vRAN architecture improves flexibility and lowers total cost of ownership

Virtualization of network functions is helping operators decrease network-related capex and opex by replacing expensive, proprietary solutions with software that can run on off-the-shelf hardware. As it relates to the radio access network, a vRAN architecture centralizes baseband unit functions using virtual machines, which enables better scalability, inter-site coordination and pooling of radio resources. In terms of site acquisition, vRAN smooths that process by decreasing the physical footprint; this usually decreases upfront investment and speeds time-to-market.

In parallel with the move to virtualization is centralization of physical network equipment, referred to as a C-RAN. Given the benefits of vRAN, DAS vendors have embraced the trend and adjusted their product portfolios to include virtualized solutions.

In the run-up to Mobile World Congress, CommScope announced its new Era digital C-RAN antenna system, which includes a Wide-area Integration Node that sits at the C-RAN hub and directs capacity to radio units. According to CommScope, “Era allocates baseband capacity where it is needed while reducing the amount of onsite head-end equipment and the amount of fiber needed for signal transport by up to 90%.”

Matt Melester, SVP of distributed coverage and capacity solutions, said the new solution “upends the economics of in-building wireless,” and noted how the virtualization aspect serves as a “key enabler for network densification in LTE Advanced, gigabit LTE and 5G.”

Cobham Wireless recently announced integration of its intelligent, digital distributed antenna system (idDAS) with C-RAN and vRAN architectures; the company said the resulting product provides cost and energy efficiencies, and easily scale with plug-and-play equipment.


“Operators are facing a capacity challenge, and with more people using high-bandwidth services and the number of IoT applications growing, this will only increase,” Cobham VP of Coverage Rami Hasarchi said. “Virtualizing the RAN for in-building coverage offers the ideal solution to this problem, maximizing spectrum efficiency and end-user experience, while vastly reducing running costs. Integrating vRAN capabilities into our idDAS is an exciting step forward on the road to 5G, delivering flexibility to operators and enterprises, and a means of future-proofing their businesses.”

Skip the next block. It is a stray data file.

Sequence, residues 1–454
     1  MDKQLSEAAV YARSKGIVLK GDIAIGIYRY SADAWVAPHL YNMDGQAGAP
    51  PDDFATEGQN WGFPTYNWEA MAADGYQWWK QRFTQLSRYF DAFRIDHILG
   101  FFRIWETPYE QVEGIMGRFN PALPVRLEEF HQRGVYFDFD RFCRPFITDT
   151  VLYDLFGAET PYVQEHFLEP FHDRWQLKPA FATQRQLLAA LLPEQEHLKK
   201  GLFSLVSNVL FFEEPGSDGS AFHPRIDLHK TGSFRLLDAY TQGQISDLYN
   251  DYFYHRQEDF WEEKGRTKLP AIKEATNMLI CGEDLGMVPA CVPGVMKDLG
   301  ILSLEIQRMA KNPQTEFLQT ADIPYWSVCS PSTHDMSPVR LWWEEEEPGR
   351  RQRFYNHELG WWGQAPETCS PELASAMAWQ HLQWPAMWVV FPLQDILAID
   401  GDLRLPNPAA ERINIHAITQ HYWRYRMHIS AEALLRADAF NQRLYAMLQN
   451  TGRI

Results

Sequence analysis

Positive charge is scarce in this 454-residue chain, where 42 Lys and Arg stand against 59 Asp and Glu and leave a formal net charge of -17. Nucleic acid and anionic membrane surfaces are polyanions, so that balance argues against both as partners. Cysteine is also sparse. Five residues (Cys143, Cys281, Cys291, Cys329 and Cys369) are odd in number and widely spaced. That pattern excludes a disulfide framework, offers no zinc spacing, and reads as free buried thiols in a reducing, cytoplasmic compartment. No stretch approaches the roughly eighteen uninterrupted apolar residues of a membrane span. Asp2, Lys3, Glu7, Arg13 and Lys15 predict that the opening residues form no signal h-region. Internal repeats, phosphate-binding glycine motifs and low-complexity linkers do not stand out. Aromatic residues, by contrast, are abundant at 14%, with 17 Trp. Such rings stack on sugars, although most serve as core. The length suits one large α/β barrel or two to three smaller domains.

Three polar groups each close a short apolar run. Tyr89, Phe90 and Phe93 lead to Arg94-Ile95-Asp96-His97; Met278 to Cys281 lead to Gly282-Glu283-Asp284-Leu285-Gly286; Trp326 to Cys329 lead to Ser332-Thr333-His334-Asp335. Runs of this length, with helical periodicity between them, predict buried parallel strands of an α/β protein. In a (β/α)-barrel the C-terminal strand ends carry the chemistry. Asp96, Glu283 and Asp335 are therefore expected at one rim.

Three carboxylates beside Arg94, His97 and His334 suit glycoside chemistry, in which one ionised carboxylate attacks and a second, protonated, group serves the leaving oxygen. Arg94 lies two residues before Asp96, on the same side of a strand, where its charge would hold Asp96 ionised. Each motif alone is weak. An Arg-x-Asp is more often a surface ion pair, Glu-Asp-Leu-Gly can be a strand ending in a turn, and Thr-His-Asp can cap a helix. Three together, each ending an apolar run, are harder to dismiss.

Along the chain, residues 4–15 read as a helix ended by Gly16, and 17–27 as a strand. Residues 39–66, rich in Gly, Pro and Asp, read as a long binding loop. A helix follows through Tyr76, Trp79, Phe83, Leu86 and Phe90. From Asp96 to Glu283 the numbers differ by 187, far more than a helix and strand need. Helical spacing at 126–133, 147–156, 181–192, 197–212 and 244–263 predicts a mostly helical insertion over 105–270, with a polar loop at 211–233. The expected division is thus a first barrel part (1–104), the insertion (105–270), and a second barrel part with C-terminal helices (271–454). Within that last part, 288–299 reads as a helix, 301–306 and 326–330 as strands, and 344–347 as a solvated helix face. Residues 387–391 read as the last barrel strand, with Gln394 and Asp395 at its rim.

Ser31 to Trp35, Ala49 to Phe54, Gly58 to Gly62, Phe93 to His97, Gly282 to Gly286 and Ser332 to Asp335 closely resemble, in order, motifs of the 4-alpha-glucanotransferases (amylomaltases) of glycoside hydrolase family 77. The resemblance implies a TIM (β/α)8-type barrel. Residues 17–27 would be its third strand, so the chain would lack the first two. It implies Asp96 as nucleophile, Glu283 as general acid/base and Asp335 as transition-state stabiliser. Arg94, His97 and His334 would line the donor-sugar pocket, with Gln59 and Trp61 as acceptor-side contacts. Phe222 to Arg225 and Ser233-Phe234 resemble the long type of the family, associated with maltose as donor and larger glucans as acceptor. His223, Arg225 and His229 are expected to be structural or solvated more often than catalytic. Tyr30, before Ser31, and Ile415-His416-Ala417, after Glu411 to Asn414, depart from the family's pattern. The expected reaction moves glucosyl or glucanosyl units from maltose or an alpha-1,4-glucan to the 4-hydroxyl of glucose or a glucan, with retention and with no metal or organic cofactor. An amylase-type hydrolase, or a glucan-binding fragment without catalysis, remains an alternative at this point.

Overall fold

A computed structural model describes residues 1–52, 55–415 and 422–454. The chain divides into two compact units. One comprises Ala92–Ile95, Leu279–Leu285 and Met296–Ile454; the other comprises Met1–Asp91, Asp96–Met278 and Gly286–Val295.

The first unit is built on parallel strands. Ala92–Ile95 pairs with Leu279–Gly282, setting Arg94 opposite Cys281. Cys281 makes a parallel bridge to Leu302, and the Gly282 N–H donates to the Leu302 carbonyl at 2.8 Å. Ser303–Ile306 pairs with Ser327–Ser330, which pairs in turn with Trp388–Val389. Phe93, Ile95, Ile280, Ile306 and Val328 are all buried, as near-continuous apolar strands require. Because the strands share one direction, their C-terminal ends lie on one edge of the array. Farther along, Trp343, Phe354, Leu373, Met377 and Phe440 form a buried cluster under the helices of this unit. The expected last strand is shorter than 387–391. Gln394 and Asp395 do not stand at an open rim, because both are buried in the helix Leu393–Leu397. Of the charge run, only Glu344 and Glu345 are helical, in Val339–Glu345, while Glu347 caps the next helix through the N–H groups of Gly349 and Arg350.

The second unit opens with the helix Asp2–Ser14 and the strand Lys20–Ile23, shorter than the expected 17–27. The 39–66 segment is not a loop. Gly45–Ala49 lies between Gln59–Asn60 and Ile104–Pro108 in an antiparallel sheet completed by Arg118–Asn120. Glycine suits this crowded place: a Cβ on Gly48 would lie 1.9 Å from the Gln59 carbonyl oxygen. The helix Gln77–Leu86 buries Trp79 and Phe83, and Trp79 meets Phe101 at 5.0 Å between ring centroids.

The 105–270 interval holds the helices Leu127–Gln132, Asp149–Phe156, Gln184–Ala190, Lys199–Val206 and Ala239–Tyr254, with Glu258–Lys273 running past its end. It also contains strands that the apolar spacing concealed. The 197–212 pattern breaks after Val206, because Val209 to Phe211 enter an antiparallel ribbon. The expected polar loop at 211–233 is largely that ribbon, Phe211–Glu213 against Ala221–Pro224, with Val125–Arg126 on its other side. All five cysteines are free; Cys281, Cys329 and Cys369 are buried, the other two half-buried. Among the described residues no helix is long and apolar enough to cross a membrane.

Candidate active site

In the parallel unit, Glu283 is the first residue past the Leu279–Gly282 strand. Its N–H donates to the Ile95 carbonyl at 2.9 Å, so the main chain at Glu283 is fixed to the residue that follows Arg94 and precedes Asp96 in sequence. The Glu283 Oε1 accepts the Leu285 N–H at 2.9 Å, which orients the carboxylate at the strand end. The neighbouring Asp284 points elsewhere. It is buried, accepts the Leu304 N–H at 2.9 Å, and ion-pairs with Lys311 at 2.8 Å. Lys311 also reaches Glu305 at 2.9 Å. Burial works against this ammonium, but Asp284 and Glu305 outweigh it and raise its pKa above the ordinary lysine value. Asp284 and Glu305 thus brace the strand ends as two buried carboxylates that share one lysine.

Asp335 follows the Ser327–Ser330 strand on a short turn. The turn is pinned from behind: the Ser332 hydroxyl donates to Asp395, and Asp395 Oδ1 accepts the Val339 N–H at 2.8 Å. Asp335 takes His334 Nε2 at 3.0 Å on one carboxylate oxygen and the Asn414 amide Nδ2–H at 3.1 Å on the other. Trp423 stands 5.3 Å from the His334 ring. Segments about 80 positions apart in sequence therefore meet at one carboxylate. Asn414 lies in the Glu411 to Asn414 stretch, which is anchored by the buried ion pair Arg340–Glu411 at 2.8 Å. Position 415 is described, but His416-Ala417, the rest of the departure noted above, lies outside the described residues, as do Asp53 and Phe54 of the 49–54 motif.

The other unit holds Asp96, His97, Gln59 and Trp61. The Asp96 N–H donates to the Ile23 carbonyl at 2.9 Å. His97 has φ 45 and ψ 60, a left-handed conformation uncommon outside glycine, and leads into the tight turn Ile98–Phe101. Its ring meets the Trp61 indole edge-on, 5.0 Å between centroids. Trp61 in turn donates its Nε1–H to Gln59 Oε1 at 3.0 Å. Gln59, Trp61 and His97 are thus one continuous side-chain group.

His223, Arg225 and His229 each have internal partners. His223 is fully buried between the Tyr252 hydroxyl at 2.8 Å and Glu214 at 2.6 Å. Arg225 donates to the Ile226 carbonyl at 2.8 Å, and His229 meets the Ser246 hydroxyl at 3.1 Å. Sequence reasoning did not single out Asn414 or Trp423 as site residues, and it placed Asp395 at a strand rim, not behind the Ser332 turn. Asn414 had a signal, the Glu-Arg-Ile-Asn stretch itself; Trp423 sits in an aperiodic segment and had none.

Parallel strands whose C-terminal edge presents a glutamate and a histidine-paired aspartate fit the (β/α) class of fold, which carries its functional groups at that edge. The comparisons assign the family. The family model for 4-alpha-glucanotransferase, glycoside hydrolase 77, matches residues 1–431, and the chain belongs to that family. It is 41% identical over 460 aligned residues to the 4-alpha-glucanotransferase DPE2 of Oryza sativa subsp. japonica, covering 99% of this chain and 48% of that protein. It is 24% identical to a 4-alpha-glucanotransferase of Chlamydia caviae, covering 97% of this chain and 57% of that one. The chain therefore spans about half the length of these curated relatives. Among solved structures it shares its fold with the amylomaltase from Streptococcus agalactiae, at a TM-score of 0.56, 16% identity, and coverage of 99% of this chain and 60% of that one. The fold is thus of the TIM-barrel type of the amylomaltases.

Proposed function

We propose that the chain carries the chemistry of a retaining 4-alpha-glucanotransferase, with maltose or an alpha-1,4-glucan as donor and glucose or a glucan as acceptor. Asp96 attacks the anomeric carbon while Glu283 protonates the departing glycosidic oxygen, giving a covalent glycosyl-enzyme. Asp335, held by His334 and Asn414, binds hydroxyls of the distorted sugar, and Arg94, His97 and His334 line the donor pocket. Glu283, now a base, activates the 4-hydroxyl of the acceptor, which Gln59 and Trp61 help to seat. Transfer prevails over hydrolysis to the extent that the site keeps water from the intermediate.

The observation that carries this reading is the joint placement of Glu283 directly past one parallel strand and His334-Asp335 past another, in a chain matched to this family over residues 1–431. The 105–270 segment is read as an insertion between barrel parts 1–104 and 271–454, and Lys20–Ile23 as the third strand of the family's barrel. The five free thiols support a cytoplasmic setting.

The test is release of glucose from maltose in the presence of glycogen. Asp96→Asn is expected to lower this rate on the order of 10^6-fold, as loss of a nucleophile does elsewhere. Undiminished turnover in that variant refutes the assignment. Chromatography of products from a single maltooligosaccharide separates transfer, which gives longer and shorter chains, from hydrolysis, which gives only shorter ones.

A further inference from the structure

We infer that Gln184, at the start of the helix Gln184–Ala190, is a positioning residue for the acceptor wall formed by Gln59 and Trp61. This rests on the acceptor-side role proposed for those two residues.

SOLiD Americas was an early-mover on vRAN with its Genesis RAX. It includes hardware technology, a cloud-based platform and a new innovation the company calls a capacity exchange application. The company said the multi-band vRAN signal source solution will enable enterprise customers to cost-effectively operate their own in-building networks with connections to multiple mobile networks.

Addressing the enterprise space where carriers are slow to invest in in-building wireless is a key goal of the move to cheaper, virtualized, centralized DAS solutions. “The enterprise is now at a point where they’re willing to spend on those things,” said Ken Sandfeld, president of SOLiD Americas, during the Verizon Technology User Forum event. “And Verizon is looking for solutions that will make that possible.” Carriers don’t have the budget to build a DAS in every building that wants one, but if the building owner will pay for a system, the customer stays happy and the carrier increases its coverage.


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